College Enrollment Caps: What to Know

Public colleges and universities were designed to serve the educational needs of those who live in the state. To uphold that mission, some schools and states set enrollment caps or limit the number of out-of-state students that can be admitted each year.

There are still incentives for public universities to accept out-of-state students, however. Nonstate residents not only bring varying perspectives to the classroom, but they also generate more money for an institution – the average tuition cost at a public college during the 2021-2022 school year for out-of-state students was more than twice as high as it was for in-state attendees.

“Historically, we’ve seen some public systems and states look to out-of-state students particularly in times where they need to meet extra revenue or don’t want to increase tuition on their in-state students,” says Julie Peller, executive director of Higher Learning Advocates, a nonprofit that advocates for federal higher education policy reform.

What Are College Enrollment Caps?

Enrollment caps occur at both public and private colleges. Schools not only impose restrictions on total enrollment, but also cap the size of specific programs or classes in order to advance strategic priorities, like maintaining faculty-to-student ratios, meeting revenue goals, serving local students and managing the growth of academic programs, says Lynn Pasquerella, president of the American Association of Colleges and Universities, a membership organization for higher education institutions.

Some state systems set enrollment caps, while others are determined by the individual school based on their physical size constraints or desire to create exclusivity.

“We don’t start this cycle of admissions thinking about, ‘Here’s my cap and that’s how I’m admitting students,'” says Corinne Smith, co-author of College Essay Journal: A Mindful Manual for College Applications. “Even as an admissions officer, I might not be aware of the enrollment caps until a couple of weeks out from decision day. They change from year to year.”

Public colleges that exceed their enrollment capacity are subject to a fine from the state or may have to delay admission for some students.

The University of California—Berkeley, for instance, recently found itself in the midst of an enrollment challenge when a judge froze fall 2022 enrollment numbers at 2020-2021 levels. The ruling was issued by an Alameda Superior Court judge in August 2021 after the local community group, Save Berkeley’s Neighborhood, filed a lawsuit – in relation to the California Environmental Quality Act – claiming the increase in student enrollment would create housing scarcity and noise issues.

This would have forced the school to reduce the number of undergraduate students enrolled for the 2022-23 academic year by about one-third. That court decision was overturned in March 2022, restoring more than 3,000 slots at Berkeley for first-year and transfer students.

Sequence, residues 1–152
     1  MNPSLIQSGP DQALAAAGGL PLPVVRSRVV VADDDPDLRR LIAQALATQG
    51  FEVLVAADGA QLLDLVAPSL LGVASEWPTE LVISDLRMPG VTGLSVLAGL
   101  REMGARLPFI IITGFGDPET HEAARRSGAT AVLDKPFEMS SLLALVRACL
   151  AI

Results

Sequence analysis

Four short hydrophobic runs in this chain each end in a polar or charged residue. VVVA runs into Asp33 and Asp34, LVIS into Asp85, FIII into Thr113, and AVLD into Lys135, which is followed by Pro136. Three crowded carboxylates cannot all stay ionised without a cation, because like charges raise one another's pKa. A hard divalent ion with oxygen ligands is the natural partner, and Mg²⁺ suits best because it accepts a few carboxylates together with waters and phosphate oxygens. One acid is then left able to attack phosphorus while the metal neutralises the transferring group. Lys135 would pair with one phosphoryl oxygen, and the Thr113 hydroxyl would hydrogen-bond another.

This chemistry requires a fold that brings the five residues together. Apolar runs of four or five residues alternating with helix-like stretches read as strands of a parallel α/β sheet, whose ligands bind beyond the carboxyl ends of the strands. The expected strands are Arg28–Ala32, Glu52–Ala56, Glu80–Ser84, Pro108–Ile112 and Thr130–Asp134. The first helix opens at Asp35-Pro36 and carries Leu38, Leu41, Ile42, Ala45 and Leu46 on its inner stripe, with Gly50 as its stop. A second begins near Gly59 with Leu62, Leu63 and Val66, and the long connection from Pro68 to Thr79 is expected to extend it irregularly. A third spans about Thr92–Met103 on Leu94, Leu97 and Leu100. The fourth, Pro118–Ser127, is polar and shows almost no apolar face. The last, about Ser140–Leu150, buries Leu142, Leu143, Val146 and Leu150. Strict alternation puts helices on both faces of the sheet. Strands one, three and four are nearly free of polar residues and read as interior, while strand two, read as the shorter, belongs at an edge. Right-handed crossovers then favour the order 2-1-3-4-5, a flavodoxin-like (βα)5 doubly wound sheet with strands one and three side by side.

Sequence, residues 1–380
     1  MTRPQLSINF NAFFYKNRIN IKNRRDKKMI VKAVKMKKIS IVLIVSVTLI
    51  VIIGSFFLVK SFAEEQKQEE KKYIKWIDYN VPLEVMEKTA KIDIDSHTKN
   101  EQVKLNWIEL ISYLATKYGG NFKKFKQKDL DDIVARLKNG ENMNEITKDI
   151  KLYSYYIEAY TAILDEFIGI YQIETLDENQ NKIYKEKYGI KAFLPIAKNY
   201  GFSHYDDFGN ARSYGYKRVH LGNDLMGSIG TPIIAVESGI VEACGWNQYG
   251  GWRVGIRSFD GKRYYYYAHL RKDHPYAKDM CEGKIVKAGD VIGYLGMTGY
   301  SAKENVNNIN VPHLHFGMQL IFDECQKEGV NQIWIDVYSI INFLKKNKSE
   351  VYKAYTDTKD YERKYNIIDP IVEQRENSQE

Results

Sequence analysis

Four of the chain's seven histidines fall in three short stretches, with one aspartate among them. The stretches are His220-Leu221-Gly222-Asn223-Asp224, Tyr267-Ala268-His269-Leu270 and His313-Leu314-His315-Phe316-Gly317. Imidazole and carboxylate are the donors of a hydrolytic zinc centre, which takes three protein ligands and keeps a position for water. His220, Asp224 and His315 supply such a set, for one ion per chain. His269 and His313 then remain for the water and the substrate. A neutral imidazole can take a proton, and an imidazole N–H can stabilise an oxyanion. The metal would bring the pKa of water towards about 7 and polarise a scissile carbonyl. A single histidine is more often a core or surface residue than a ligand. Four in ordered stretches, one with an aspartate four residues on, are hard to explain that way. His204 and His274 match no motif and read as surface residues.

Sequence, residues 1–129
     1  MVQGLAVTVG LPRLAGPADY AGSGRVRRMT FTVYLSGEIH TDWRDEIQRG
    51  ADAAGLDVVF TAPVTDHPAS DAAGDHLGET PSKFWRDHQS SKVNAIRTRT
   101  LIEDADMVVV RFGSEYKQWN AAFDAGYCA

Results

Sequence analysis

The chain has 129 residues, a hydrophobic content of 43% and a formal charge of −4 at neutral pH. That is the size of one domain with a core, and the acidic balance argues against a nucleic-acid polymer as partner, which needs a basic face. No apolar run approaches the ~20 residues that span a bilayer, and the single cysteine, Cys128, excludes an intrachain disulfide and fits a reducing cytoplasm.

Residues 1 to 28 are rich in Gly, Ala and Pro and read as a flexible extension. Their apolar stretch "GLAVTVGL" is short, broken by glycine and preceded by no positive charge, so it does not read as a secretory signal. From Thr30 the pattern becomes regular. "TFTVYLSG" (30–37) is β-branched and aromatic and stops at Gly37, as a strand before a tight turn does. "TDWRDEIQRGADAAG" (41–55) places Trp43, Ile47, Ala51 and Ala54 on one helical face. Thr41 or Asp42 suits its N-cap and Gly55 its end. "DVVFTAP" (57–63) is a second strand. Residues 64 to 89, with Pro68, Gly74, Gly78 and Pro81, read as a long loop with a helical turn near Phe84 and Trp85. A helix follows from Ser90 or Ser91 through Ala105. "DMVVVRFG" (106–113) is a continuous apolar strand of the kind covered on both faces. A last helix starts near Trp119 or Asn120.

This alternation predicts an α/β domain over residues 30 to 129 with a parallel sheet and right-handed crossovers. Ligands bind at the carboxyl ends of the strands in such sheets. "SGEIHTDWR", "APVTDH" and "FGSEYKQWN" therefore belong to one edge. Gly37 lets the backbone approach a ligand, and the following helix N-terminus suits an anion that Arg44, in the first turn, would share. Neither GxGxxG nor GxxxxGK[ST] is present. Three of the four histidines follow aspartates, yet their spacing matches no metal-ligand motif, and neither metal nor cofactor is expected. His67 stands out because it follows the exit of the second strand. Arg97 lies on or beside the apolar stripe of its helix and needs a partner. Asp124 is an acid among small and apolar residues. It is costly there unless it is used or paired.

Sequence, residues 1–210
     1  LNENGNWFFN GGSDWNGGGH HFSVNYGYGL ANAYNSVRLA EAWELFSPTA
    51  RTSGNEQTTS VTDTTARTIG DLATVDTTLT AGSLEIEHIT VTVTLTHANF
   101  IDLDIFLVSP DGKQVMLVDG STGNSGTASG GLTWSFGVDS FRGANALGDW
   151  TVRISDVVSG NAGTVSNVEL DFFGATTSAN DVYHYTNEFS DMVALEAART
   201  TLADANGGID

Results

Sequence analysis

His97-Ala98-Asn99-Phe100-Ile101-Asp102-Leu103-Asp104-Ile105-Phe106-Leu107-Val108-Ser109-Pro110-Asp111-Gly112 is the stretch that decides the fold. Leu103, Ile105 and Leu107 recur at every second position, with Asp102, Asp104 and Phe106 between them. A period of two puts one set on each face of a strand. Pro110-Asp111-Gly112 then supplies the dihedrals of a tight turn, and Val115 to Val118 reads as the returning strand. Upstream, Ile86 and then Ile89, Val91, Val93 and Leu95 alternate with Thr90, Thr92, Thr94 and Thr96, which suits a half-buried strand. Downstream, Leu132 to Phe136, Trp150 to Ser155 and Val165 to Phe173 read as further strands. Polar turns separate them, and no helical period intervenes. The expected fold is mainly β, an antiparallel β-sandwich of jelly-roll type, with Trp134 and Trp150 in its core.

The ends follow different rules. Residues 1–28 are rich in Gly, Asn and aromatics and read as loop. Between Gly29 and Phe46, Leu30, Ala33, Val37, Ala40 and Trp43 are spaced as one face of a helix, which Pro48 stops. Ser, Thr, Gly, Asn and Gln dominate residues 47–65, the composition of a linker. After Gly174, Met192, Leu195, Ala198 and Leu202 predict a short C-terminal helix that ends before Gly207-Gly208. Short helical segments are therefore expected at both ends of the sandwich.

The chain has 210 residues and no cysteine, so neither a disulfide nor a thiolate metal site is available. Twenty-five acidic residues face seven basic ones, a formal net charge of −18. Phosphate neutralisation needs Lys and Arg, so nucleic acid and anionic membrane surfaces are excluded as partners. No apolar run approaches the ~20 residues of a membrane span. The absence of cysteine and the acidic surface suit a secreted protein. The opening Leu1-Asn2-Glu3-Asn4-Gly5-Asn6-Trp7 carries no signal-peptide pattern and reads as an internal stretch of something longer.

Other states are also reconsidering their current policies.

This policy change gives more students from around the country the opportunity to attend an HBCU, as many are concentrated in the South or on the East Coast. North Carolina A&T, which experienced an influx of out-of-state applications in recent years, can now meet enrollment demand, says Dawn M. Nail, the school’s interim associate vice provost for enrollment management.

“It also allows us to have a more diverse student body,” she says.

What to Keep in Mind When Applying

When coming up with a list of schools, refer to college websites to learn about admission rates – the percentage of in-state and out-of-state acceptances – enrollment sizes and program capacity. If those numbers aren’t available online, experts suggest reaching out to a school’s admissions office and asking questions.

But even if an applicant is aware of the enrollment caps at a college, “it’s not something to play a strategy game with,” Smith says.

“While I do think it’s necessary to have knowledge of the process if a student has access to it or if a parent has access to it, it’s not going to make or break their application to be knowledgeable of what the enrollment cap is in a given year,” she adds.

Enrollment caps can create more competition in college admissions, but they shouldn’t dissuade a student from applying to a certain school. Instead, experts say students should focus more on what can be controlled, like choosing a mix of selective and less-selective schools, putting together a strong application and applying early to top-choice colleges.

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